Time is running out for France and Germany to resolve their dispute over the role of nuclear power in Europe’s energy transition — or risk stalling the region’s green agenda.
(Bloomberg) — Time is running out for France and Germany to resolve their dispute over the role of nuclear power in Europe’s energy transition — or risk stalling the region’s green agenda.
Energy ministers from the European Union’s 27 member states are set to meet in Luxembourg Tuesday to find common ground on the issue, at the heart of an overhaul of the bloc’s electricity market. A deadline to complete the task before next year’s elections is rapidly approaching.
The chances of a deal rest almost exclusively on the EU’s two largest economies, which are still far apart on the matter. Analysts and industry groups say an agreement is needed so that the bloc can move ahead on other aspects of the transition as the continent recovers from last year’s energy crisis.
“It is high time to strike a compromise on this,” said Simone Tagliapietra, an analyst at Bruegel, a Brussels-based think tank. “While Germany and France agree on 80% of EU energy and climate issues, nuclear has long represented a key rift among the two, often engulfing several EU debates in this space.”
At stake is a key piece of legislation the EU hopes will drive capital into accelerating the rollout of renewable energy, reducing the role natural gas plays in setting the region’s power prices and leaving the bloc less dependent on Russian supplies. Record energy costs last year upended the region’s economy, exposing its vulnerability to power and gas providers.
Read more: EU Floats New Option to Bridge French-German Divide on Nuclear
The two countries disagree over the extent to which government funds should be allowed to extend the life of nuclear reactors. France is heavily dependent on an aging atomic fleet for its power, while Germany has completely phased out nuclear energy.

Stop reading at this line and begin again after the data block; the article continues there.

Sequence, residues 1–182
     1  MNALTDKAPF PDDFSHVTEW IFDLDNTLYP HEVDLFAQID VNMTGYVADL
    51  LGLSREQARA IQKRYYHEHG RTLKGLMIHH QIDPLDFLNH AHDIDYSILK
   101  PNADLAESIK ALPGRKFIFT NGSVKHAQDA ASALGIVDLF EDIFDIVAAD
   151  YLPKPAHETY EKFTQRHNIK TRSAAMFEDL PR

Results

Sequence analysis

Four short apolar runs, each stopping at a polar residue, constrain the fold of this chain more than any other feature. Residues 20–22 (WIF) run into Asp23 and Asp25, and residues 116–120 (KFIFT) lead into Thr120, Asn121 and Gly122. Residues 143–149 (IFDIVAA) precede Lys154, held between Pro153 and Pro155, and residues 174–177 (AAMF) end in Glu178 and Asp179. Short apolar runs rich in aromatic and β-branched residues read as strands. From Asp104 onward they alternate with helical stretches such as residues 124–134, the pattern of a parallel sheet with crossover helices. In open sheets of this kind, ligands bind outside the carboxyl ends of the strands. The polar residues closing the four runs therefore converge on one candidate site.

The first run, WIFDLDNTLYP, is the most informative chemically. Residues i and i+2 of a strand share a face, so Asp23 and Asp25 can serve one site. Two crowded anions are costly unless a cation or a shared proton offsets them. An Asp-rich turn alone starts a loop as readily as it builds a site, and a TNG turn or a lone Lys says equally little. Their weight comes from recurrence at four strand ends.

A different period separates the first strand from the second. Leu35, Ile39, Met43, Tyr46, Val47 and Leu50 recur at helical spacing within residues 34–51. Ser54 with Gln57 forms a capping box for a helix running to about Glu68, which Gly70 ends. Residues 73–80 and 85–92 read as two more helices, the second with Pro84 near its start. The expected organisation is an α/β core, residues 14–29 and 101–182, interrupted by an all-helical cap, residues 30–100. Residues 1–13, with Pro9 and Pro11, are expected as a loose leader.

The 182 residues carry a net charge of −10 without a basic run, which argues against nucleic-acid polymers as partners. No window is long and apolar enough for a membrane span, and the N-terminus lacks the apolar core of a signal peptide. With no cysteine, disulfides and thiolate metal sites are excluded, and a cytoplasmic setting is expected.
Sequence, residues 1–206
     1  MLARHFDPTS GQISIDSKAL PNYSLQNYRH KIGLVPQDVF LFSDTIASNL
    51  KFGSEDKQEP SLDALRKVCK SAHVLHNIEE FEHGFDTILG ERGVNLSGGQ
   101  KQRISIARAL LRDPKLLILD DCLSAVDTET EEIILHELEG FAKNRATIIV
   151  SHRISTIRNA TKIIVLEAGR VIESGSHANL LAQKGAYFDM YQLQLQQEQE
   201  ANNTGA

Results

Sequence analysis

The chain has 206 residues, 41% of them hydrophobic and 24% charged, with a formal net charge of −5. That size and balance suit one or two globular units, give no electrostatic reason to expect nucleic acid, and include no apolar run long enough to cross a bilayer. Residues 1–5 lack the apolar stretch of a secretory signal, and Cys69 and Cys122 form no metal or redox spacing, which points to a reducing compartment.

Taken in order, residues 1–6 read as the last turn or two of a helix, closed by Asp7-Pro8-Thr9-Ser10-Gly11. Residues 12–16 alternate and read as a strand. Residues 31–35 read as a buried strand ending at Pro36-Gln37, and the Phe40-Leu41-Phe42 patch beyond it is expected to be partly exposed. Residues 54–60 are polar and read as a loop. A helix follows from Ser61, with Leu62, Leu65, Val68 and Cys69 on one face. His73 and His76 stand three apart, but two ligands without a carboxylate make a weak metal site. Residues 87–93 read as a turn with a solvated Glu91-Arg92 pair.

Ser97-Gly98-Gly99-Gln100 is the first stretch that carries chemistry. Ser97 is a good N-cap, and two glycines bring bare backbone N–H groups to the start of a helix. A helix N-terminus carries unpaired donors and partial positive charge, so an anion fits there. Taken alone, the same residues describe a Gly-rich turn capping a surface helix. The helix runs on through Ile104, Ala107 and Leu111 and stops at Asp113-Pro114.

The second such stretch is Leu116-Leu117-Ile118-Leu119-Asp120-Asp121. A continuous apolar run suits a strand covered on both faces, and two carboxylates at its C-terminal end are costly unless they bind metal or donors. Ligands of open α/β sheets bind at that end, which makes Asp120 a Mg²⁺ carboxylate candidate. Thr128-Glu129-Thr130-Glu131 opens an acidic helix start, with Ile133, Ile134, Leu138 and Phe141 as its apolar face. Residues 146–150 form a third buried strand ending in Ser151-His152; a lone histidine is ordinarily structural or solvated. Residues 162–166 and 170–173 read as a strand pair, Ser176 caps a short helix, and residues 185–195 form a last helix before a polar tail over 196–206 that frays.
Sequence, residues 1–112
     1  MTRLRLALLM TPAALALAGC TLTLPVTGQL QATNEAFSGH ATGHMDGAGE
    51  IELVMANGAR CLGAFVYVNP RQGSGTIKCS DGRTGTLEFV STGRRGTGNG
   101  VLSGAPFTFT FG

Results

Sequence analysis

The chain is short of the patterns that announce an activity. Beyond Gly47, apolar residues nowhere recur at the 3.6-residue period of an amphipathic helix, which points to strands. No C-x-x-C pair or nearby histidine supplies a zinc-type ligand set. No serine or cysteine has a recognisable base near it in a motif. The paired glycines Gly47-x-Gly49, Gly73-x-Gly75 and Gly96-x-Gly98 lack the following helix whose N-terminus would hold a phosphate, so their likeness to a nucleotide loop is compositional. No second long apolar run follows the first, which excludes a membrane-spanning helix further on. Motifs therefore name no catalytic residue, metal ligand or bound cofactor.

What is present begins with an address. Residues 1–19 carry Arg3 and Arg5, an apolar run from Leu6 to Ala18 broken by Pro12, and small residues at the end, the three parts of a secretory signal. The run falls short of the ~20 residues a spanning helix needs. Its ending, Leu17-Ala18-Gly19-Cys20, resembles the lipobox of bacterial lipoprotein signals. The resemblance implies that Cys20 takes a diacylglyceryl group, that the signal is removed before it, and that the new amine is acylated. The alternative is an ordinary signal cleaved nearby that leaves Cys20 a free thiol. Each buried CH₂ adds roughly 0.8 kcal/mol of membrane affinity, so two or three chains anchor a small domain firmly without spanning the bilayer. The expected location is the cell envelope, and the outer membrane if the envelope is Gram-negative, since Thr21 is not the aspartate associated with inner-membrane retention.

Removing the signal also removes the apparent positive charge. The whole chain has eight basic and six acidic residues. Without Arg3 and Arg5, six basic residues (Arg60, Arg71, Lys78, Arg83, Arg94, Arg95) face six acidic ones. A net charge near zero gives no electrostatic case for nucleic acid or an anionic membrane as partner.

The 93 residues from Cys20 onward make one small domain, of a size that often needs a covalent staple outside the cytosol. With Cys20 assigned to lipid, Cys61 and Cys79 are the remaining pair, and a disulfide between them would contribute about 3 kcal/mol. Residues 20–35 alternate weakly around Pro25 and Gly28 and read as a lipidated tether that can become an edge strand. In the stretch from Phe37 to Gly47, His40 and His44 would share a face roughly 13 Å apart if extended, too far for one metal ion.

Spain, which holds the EU’s rotating presidency, is seeking a compromise that would allow France to keep the units in service, while easing fears that it could undercut power prices in the rest of Europe.
EU elections next June mean that all laws will need to be finalized at least two months prior, and member states still need to negotiate with the European Parliament on electricity market reform — itself an often protracted process.
The electricity industry is also getting impatient with the delay, with the rules having first been proposed in March.
“We see an urgent need for a significant rollout of renewable and low-carbon technologies,” Leonhard Birnbaum, president of Eurelectric, an industry group, said in a letter to energy ministers seen by Bloomberg. “We have no additional time to lose.”
President Emmanuel Macron said that French and German negotiating teams would seek an agreement this month. In theory, Spain could bypass one of the two by winning the support of a majority of member states. In practice, such a move is politically challenging for such an important reform.
There’s still hope for a deal, even if an agreement isn’t reached Tuesday. EU leaders are scheduled to meet later this month, where they would likely try to use more political impetus to break the deadlock. The EU parliament has already agreed its position.
The latest compromise put forward by Spain and seen by Bloomberg omitted existing nuclear power facilities from rules governing the use of so-called contracts for difference — a tool used by governments to help subsidize clean technologies.
Germany is worried that France would still be able to support facilities run by state-owned Electricite de France SA unilaterally and with fewer restrictions, thereby distorting the continent’s single market.
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